Pulling his phone out of his pocket, he typed a quick Change of plans – can you open up? Sorry to be a dick x to Clint, and then almost immediately got a ffs rogers fine w/e in return. He grinned, unable to stop himself, and let Tony lead him into a quaint little coffee shop at the end of the next street they turned onto.
There were a couple of what looked like college students scattered around with laptops and slightly crazed expressions on their faces, their tables littered with coffee mugs, but other than that, the place was relatively empty. Tony pulled him over to a sofa tucked up at the back of the room, and then pushed him down onto it.
“Okay, what are you having?” Tony asked, and Steve couldn’t help but grin again, because he was adorable.
“I don’t mind,” Steve replied. “Whatever you’re having.”
Tony just smiled at him, and then nodded. “Excellent. Two mocha-frappa-shitta-everything-sugar-extra-large-on-a-stick coffees, here we come.”
Steve laughed again as Tony darted away to the counter across the room, and tried not to stare at him too much while he placed their orders; he didn’t want to seem like a creep if Tony happened to turn around, but he found his eyes repeatedly drifting back to Tony’s ass, because damn.
Tony was still grinning (and honestly, Steve couldn’t imagine him doing anything else) as he came back carrying a tray with their orders on it.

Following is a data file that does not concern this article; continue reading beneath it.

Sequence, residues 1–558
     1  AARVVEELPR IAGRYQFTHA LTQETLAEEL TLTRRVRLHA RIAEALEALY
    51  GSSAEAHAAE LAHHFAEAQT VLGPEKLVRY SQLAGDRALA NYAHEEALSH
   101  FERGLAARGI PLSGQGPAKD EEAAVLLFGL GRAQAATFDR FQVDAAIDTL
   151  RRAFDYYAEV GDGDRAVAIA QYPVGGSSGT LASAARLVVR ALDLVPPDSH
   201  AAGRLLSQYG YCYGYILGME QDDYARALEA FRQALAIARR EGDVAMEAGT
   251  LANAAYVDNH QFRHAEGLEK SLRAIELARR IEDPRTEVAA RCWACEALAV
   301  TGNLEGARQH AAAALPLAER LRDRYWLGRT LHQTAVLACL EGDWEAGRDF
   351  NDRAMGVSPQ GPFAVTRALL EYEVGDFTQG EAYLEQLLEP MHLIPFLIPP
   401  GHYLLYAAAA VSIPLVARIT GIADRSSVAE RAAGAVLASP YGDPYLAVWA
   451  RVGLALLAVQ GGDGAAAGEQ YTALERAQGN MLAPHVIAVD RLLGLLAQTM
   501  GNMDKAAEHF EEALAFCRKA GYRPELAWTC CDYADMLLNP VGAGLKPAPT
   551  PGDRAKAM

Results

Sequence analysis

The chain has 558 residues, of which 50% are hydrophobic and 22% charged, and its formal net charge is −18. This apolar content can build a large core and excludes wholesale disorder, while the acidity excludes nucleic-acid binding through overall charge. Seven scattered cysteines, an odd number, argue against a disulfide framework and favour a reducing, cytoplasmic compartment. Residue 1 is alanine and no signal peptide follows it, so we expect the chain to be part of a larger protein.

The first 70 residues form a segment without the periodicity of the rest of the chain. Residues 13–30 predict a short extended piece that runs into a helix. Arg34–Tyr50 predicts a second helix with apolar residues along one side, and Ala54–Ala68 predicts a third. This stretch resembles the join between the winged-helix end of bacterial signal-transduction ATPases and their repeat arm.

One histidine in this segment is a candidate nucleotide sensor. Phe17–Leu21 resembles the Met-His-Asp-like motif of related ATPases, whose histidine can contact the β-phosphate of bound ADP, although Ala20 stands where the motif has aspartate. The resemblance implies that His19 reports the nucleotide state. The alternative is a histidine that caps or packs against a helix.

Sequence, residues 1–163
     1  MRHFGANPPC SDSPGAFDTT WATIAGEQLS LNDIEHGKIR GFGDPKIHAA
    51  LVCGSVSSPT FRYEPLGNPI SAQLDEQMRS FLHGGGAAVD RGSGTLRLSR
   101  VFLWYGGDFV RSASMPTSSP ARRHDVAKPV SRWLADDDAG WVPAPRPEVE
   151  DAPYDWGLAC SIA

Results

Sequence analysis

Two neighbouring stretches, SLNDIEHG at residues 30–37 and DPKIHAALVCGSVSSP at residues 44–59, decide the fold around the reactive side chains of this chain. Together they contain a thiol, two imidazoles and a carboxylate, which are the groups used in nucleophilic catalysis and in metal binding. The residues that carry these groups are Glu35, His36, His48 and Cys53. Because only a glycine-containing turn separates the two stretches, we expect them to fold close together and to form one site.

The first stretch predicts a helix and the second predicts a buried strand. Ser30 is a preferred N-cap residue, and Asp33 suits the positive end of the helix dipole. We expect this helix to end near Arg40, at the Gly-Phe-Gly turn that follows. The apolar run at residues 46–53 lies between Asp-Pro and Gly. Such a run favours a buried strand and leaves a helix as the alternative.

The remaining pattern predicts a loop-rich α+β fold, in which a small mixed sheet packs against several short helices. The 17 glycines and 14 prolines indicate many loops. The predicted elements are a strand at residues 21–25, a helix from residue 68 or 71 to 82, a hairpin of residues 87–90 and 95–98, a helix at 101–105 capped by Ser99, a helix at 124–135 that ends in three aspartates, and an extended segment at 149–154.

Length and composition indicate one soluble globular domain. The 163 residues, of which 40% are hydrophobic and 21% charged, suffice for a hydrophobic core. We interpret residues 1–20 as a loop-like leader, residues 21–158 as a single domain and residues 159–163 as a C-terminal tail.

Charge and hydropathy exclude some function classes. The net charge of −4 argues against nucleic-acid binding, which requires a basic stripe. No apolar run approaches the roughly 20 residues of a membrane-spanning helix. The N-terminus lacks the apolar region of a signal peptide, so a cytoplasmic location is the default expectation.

“I got some snacks, too,” he told Steve as he sat down. “I’m not very good at heart to hearts, but I feel like cookies will make it easier.”
“Agreed,” Steve nodded, helping Tony to unload the tray onto their table. He pulled a mug of steaming coffee and a cookie towards him, and hummed as he took a sip. “This is really good.”
“Only the best for my second date rage monster,” Tony hummed, stuffing the empty tray onto the table next to them as he sat down. “Speaking of – you were talking about being a soldier.”
“I’m not really sure you wanna sit and listen to me whine,” Steve shook his head, unsure, but Tony just waved his concerns away with the hand holding his mug of coffee.
“Don’t give me that,” Tony huffed. “I want to hear about all the tanks you had to lift to get into and still be in that shape.”
Steve laughed and shook his head, charmed. “You’re incorrigible, you know that?”
“I might have gotten that comment a few times before,” Tony huffed, and then took another sip of his coffee. “But that’s beside the point. Spill.”
“Well…” Steve took a deep breath, because he didn’t usually talk about his time overseas. “I joined the army straight out of high school. Back then I was a skinny runt, picked a lot of fights and got beaten up a lot, and I thought maybe the army would be a good way to find some discipline, do something good for my country.
“I met my best friend, Bucky, at basic training, and he and the army doctor helped me beef up,” he continued. “Felt invincible, for a while. Had a bunch of friends for the first time, felt stronger and healthier than I ever had, and I had a structured life.
“But then we were actually shipped out,” he sighed. “And I saw, first hand, that it wasn’t as simple as black and white. We were told not to get attached, to look at even the civilians with calculation, but… but it felt wrong. My regiment was stationed near the front line, in a little village, and the people there were just as afraid of the fracture groups as everyone back home was, only it was happening right on their doorstep.